Law and Order Union City, Pennsylvania, 1881
On January 5, 1881, Constable Clark Rice arrested young Pendergrass on a warrant sworn out by Will Ketchum for assault and battery. He was taken before Esq. Jackson and put under order to reappear on Friday morning.
The assault and battery suit held before Esq. Jackson last Friday resulted in young Pendergrass being bound over to court in the sum of 200 bail which was furnished by his father. Mr. Pendergrass, father of the young man who was arrested last week for assault and battery said that it was not Constable Rice who arrested the boy, but that he turned him over to the officers.
The friends of Mr. J. Skivington urged him to become a candidate for Constable.
Mr. John Skivington was a candidate for Constable. He has had considerable experience in that line of business, and if elected will no doubt make a good officer.
Rowdiness in Union City, March 1881
Two letters in the Union City Times from March 1881 expressed the amount of public concern over the rowdy citizens in town. One was dated March 8, 1881 and it said:
On Saturday night, February 26, a gang of ruffians attacked Mr. Frank Glenn on First Avenue, just in front of Professor Twinings and after striking him several times, fled like a pack of cowardly curs.
Another case calling loudly to our city authorities the deplorable state of society in Union City.”
A stronger letter, titled “A Brutal Outrage,” appeared in the Union City times of March 10, 1881. It said:
“On Monday evening of this week at about nine o’clock, a gang of twelve or fifteen low-bred ruffians of this town gathered on the side walk on Main Street, nearly in front of the Anchor Mills, leaning against the railing, laid in wait for someone to pas that they might victimize.
As three young men were returning home from Professor Goss’ singing class in the Tillottson Block, not having passed a word with these town pauper dogs, they commenced their onslaught which would have been a disgrace to Modoc Indians.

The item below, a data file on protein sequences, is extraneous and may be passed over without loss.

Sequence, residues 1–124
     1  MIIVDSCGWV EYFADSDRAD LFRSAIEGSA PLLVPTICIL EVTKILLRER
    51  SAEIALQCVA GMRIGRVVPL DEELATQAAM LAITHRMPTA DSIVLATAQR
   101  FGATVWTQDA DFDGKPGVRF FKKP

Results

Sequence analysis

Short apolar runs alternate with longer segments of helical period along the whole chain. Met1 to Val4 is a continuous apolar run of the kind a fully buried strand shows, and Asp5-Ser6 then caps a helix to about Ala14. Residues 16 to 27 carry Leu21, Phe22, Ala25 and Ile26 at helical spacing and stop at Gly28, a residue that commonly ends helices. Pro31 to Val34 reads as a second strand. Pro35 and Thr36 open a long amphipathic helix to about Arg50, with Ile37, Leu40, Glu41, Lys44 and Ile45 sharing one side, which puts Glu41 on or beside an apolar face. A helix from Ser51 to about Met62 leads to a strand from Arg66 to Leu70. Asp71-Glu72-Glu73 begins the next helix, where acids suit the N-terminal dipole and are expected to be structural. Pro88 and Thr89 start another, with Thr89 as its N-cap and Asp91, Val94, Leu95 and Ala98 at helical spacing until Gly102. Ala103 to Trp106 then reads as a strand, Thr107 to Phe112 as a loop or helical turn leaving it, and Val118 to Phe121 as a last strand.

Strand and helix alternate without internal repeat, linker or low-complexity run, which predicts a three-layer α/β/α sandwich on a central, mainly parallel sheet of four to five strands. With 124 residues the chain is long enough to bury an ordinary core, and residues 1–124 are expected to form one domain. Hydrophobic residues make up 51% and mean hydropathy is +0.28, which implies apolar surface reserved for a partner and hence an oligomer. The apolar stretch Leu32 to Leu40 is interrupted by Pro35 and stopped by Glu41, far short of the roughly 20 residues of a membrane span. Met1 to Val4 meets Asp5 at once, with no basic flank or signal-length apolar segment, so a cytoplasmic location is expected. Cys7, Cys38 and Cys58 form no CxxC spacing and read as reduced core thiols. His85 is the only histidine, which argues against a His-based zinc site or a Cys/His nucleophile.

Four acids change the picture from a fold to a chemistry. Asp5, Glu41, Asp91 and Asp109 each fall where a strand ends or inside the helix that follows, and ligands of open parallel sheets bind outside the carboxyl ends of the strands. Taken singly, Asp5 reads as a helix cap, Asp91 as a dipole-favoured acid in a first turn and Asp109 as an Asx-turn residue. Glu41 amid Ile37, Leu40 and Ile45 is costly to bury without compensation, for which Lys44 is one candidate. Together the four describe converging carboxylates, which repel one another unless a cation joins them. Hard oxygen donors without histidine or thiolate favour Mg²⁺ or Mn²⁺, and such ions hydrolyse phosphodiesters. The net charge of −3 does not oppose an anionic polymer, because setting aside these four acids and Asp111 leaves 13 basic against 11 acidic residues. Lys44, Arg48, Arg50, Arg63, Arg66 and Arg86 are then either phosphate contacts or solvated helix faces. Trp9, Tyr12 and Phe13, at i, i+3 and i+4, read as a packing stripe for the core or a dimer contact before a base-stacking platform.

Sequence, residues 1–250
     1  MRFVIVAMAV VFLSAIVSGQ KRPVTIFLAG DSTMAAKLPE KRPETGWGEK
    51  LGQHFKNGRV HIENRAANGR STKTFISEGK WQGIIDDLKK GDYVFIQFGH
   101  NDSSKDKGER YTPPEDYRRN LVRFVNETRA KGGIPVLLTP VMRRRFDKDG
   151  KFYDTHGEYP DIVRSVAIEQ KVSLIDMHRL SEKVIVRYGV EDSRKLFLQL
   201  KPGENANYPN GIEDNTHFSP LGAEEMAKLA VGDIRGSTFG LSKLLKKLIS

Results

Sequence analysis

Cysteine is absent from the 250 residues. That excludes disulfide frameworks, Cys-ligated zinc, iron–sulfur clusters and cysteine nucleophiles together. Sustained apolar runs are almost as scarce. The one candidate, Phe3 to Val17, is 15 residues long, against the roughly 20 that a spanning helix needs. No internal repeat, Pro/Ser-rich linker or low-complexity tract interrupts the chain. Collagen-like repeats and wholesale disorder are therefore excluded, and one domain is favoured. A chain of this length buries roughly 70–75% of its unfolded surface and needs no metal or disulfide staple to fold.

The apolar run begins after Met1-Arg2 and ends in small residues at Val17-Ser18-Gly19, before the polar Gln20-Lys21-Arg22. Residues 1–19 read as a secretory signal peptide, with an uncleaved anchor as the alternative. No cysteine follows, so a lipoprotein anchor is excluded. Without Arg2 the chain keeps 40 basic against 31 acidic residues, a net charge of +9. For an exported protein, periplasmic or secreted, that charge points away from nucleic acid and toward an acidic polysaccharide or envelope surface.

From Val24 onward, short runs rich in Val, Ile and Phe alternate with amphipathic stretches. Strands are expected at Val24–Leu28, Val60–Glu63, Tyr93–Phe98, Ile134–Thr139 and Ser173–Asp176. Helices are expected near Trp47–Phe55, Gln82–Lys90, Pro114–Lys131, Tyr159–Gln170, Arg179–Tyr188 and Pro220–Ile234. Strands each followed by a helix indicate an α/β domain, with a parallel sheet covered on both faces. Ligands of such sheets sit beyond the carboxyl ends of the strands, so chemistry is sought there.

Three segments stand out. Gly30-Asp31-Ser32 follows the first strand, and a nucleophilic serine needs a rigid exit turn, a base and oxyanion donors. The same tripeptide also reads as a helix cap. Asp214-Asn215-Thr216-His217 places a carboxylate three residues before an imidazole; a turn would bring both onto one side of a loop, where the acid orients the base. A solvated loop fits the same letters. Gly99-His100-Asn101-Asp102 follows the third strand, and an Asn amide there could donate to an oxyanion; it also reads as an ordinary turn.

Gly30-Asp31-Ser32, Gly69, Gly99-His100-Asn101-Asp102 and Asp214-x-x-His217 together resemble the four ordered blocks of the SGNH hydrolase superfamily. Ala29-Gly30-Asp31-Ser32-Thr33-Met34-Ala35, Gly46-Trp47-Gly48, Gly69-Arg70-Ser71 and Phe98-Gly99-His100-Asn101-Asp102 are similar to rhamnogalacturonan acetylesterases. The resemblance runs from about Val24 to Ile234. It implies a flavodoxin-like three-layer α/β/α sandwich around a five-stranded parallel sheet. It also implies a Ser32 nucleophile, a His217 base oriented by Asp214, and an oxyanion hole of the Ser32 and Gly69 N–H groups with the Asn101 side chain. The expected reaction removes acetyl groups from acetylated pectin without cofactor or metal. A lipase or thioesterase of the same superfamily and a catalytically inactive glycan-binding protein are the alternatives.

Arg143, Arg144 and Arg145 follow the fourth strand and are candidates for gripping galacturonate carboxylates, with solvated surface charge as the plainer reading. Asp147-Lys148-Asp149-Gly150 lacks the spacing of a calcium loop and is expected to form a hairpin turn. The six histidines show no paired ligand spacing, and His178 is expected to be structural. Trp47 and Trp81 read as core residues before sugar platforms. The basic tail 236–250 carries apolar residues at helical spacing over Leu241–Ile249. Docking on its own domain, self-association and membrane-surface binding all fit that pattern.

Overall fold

Mr. Taylor, a student at Professor Luce’s Writing College, received a severe blow upon the side of the head, nearly prostrating him. Mr. Waldron, whose father lives a few miles from our town, and who has just closed a prosperous term of school at Thomastown, Pa., and was visiting here was knocked down falling below the walk, and was then jumped upon and severely injured by some of these crow carrion demons.
Mr. Luce, nephew of Professor Luce, who has just closed a prosperous terms of school in the Willey District west of the Asbury Chapel, and who visiting at his uncles, was felled to the ground with a slingshot and then struck severely and badly injured by some of these bar room savages.
It is but just to say that these three young men are, and always have been peaceably quiet and orderly young men and sustain an unimpeachable reputation. The question to our town authorities is: will you let this state of things continue?
People’s lives assailed, their property plundered, ladies insulted on the streets by this low, lawless gang of human brutes that lounge around street corners, barrooms, billiard rooms, grouped together because they are such dastardly cowards they dare not attack anyone alone. If the authorities with a town out of debut and nothing to hinder ridding our town of such detestable nuisances fail to do it, then let the people organize a vigilance committee so strong and numerous, and employ such means as will give us a rest, at whatever cost, or with whatever means necessary to reach such an end, or shall we slumber on and lose our educational interests and everything of culture driven from our midst?”
The letter was signed, “A Citizen.”
On St. Patrick’s Day, March 17, 1881, The Union City Times said that “We are glad to know that we have a night watchman, and one too, who will no doubt see that some of the rowdyism which has held sway for so long will be stopped. We shall not mention his name, but it will probably not be long before he will be known when he makes an arrest some of these nights.”
On Saturday, April 23, 1881, fellows who were too “mellow” made attempts to stop people on the street several times. Chief of Police C.V. Main on Monday made information before Esq. Brown against James McGee and Robert Mehen when warrants were issued for their arrest.